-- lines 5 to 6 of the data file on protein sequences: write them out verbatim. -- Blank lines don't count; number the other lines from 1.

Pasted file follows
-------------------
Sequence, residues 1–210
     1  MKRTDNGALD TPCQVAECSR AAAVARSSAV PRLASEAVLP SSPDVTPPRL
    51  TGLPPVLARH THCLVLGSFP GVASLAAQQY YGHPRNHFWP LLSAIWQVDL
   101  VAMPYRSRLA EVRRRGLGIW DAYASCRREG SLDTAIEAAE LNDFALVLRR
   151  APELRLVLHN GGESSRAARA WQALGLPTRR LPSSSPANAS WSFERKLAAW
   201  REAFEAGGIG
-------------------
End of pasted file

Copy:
   151  APELRLVLHN GGESSRAARA WQALGLPTRR LPSSSPANAS WSFERKLAAW
   201  REAFEAGGIG